The principle of free enquiry remains at the university's core today; the motto "scientia vincere tenebras" (science will triumph over darkness) advocates independent, critical thinking, driven by evidence, not by dogma, politics, prejudice or greed.
In the late 18th century, the French occupiers closed the university, but the institution reopened as a state university in 1816, shortly after the region became part of the Netherlands. In 1830, Belgium was founded through revolution, and Belgian bishops reorganised the institution. Decades later, KULeuven was hit severely during the two World Wars - in particular, the library lost 300,000 valuable books to a German fire in 1914 and nearly 900,000 volumes during a second fire in 1940.
Ghent University, or UGent, goes by the motto "dare to think". It is one of the most liberal educational institutions in Flanders: the official mission statement insists that the university encourages critical and creative thinking, welcomes all cultures and backgrounds and strives to entrench its social commitment and broaden its international horizons.
A petite 22-year-old foreign exchange student at the University of Ghent, Duggal isn't your typical cold-blooded killer. But then, this isn't murder - it's paintball.
A sport that began in 1981 in the American state of New Hampshire (whose motto is appropriately "Live Free or Die"), the game is now played worldwide, both indoors and out. Rules vary and, with them, strategies, but one guideline is constant: don't get hit by a paintball.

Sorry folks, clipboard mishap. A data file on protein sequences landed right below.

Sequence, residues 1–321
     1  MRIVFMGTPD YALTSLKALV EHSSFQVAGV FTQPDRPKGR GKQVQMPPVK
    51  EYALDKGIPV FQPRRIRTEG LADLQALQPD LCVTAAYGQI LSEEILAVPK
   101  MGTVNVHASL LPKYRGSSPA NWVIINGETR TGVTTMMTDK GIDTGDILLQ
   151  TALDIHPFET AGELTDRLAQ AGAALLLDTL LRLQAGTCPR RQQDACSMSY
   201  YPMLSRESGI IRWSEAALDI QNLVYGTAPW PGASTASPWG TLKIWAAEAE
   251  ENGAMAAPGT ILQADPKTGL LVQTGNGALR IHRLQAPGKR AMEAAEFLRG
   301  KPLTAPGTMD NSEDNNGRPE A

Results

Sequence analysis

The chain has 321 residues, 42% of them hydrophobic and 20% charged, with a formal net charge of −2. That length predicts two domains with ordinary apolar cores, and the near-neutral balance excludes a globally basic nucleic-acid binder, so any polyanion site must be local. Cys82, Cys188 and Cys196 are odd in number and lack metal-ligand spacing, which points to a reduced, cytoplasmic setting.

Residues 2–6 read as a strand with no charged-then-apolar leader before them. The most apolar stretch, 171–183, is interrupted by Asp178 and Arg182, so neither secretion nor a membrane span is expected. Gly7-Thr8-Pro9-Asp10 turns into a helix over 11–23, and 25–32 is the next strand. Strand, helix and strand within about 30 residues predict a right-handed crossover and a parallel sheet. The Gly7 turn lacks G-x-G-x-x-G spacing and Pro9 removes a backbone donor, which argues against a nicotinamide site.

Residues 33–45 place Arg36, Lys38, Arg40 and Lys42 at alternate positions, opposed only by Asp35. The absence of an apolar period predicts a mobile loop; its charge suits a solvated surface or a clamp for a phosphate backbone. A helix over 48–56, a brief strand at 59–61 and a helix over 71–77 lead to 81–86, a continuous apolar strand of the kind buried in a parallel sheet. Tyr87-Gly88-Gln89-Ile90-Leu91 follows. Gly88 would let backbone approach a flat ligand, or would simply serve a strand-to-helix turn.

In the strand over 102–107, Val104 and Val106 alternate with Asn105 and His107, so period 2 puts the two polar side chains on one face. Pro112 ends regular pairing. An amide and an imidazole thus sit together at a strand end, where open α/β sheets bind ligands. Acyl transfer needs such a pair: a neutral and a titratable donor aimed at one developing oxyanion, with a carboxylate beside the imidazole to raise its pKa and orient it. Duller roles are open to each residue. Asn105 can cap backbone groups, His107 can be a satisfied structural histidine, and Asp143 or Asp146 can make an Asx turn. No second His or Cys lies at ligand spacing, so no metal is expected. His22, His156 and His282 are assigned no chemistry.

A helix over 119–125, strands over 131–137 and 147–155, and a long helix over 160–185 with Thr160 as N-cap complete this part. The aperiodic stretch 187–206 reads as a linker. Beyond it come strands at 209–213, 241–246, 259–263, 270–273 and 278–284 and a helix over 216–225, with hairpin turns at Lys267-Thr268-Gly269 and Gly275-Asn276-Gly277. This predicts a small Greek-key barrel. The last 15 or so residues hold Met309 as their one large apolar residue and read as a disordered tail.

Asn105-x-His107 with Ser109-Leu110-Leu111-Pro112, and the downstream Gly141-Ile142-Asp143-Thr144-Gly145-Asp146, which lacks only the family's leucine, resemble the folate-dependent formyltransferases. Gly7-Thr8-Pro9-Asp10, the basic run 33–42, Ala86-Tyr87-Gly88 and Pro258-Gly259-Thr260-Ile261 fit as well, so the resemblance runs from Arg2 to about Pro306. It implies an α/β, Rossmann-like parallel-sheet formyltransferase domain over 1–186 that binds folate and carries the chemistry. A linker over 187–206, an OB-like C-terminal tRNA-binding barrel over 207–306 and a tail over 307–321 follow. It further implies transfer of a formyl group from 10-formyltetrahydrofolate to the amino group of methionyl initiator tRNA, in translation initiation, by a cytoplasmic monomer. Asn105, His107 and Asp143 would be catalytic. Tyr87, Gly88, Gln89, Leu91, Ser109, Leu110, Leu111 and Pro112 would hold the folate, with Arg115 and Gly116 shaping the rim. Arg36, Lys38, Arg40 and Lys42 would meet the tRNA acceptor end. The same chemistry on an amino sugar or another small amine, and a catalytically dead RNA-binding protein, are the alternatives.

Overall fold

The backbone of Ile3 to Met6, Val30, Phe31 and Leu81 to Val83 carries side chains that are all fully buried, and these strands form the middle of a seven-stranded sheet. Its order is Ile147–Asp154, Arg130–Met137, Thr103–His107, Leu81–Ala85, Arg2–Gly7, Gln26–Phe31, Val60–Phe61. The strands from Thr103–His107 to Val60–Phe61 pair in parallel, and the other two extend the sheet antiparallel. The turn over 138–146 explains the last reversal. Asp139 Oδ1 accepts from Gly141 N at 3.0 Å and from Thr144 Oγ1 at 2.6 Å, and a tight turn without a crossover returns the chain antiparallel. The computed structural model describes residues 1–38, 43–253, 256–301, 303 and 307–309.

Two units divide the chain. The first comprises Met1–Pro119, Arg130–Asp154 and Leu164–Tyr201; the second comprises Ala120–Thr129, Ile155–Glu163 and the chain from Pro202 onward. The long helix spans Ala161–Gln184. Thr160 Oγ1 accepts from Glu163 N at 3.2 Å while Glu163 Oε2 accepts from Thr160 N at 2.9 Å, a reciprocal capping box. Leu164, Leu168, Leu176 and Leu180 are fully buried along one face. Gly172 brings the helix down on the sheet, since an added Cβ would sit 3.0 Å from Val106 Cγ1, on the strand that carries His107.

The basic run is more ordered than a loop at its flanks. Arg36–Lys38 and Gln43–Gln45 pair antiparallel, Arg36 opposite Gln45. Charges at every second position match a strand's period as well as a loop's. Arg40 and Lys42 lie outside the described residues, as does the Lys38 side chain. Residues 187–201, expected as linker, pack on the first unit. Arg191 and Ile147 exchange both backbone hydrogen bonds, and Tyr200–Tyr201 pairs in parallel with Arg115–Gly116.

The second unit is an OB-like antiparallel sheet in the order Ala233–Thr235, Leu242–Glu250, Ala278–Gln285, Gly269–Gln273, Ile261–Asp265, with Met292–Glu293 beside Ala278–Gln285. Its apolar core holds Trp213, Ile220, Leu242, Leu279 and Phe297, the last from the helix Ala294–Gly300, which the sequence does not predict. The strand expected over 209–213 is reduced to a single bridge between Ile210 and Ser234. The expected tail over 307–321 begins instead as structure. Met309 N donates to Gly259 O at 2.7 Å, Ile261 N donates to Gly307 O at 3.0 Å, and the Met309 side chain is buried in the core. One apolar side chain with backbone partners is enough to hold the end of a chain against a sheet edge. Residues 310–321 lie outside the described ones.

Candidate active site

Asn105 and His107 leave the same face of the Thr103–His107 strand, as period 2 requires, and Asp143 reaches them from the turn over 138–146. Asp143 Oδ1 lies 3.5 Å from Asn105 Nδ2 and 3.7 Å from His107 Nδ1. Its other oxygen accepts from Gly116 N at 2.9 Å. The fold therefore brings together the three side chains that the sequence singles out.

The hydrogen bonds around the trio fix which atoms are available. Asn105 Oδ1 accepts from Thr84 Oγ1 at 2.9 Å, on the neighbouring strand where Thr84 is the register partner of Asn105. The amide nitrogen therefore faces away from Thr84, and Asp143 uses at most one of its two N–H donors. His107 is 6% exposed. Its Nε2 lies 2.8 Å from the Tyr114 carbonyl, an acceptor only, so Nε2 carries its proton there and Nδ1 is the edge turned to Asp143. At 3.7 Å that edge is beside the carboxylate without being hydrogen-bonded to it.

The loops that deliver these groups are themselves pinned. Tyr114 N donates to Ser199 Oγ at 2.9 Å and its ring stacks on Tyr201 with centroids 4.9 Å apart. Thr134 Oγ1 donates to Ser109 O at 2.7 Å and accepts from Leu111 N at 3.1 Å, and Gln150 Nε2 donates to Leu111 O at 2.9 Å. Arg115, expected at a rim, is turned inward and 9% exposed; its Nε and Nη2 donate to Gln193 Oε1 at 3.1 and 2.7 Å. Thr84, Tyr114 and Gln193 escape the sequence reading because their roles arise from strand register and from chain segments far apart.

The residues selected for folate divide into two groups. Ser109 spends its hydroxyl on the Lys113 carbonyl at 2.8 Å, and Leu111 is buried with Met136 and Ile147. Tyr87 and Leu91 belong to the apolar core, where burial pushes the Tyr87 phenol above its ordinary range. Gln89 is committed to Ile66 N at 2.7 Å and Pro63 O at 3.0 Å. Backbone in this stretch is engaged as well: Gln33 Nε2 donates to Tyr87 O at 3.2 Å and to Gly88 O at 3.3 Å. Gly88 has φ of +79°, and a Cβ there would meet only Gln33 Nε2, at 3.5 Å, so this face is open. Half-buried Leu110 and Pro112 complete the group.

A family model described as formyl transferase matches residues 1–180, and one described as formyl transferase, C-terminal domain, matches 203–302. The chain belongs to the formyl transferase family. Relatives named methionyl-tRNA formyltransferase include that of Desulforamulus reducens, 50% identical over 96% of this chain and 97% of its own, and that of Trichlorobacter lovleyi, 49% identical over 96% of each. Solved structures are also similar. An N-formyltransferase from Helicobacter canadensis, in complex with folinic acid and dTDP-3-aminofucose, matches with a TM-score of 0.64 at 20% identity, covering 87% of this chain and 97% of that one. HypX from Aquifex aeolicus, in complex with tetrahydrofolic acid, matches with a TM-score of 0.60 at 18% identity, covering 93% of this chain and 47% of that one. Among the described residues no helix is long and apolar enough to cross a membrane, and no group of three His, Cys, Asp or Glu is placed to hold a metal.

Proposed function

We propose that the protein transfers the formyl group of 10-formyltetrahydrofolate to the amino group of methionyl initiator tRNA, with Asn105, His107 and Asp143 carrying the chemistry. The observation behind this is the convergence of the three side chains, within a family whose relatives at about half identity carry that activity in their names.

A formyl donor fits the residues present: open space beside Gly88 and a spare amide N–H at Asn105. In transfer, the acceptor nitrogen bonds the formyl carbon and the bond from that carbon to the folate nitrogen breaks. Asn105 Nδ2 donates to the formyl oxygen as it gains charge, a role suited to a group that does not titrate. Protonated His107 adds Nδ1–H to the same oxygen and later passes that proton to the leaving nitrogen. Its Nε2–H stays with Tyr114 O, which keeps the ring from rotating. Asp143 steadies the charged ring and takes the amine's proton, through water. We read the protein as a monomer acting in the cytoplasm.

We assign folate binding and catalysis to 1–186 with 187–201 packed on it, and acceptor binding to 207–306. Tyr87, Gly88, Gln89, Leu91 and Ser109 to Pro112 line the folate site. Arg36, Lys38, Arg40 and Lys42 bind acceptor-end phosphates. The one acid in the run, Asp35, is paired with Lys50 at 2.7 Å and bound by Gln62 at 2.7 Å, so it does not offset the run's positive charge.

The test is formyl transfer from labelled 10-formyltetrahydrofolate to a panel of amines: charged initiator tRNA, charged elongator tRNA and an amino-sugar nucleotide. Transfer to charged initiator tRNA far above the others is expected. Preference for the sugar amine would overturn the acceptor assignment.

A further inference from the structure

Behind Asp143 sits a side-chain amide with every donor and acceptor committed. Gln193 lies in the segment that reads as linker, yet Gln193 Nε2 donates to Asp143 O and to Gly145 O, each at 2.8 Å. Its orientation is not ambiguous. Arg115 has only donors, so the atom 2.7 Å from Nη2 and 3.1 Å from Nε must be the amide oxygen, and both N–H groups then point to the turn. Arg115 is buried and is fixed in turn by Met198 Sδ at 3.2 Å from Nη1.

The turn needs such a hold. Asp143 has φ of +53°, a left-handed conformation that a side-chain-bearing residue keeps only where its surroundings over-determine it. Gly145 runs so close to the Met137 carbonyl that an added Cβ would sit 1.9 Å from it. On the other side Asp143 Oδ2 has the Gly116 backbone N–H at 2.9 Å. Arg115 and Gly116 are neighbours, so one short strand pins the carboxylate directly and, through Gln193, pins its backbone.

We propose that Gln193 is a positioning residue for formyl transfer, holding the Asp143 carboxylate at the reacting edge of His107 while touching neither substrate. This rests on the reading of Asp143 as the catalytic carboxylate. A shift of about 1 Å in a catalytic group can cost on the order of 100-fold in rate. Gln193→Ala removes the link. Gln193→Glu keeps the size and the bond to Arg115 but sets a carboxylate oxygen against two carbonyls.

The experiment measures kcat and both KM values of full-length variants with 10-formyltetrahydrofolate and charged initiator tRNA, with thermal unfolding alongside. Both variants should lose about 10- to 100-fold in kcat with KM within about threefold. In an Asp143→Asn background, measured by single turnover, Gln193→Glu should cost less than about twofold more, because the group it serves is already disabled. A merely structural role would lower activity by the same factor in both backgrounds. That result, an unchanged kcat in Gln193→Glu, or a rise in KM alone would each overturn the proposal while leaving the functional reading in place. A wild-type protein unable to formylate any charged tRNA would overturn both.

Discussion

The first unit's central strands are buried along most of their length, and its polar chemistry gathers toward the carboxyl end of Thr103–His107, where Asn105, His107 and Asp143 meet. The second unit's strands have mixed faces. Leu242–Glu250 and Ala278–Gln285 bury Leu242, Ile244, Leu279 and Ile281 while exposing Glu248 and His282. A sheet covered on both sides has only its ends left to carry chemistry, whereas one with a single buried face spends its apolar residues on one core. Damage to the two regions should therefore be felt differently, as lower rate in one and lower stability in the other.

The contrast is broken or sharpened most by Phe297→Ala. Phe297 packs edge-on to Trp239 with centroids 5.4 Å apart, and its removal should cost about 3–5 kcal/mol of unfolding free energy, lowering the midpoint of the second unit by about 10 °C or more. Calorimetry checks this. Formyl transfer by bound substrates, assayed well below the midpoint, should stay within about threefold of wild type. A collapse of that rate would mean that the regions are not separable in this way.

Reality check: that is what a big city is like. And we only have one of those. Life is too long not to discover how well Brussels, amidst all the hustle, manages to retain its individuality and colour. In just one visit, you come across some amazing people and incre- dibly diverse neighbourhoods, all gravitating around a bustling historic centre. The whole world is right here. For cosmopolitans, one- day tourists and its one million residents, only Brussels will do.
In this protected monument, dating back to the 15th century, a water mill ground grain for the local community until 1983. Making use of the passing stream, the Klapscheutmolen provided milled grain as food for cattle, as well as the ingredients for the neighbouring family De Troch’s brewing activities.
For the past two hours, I've been flying an enormous sail 20 meters in the air as the first step in learning how to kitesurf. A relatively new sport, this ocean- based pastime has been gaining in popularity all over the world. Your body is harnessed to a kite, while your feet are secured to a surfboard with straps. Once you know what you're doing, the winds pulls you along the water and potentially up and out of the water.
Antwerp is a river city par excellence, so the ideal way to capture its essence is to see it from the water. The first thing that strikes you is how the river splits the city. At the level of the old town, it's 500 metres to the other side, which is so distant that the best name they could come up with for the built-up area is Linkeroever - Left Bank.
Trying to peg down Hasselt is a tough job. Its split personality escapes all cliché. Life is a bit slower-paced in this small city, but Hasselt is extremely posh as well. Even Antwerp’s fashionistas descend on Hasselt’s shopping streets like little ants. Clothes and shoes, preferably by local designers, is what they are looking for. Names and labels, darling. If Eddy Monsoon had to pick a Belgian town to live in, she’d do great in Hasselt.
Enter Ghent’s tree-lined Koningin Astrid Park on Ferdinand Lousbergkaai. Every Sunday in August from 14.00 to dusk, the young, creative and often child-carrying enter the park en masse to enjoy a pretty special atmosphere.
In a handful of wading pools near a large sand pit, kids of all ages are screaming, running and having the time of their lives. A small walking path around the park is filled with strollers, Frisbee and games of tag. A van is on hand to teach circus tricks, while parents are camped nearby on benches or picnic blankets.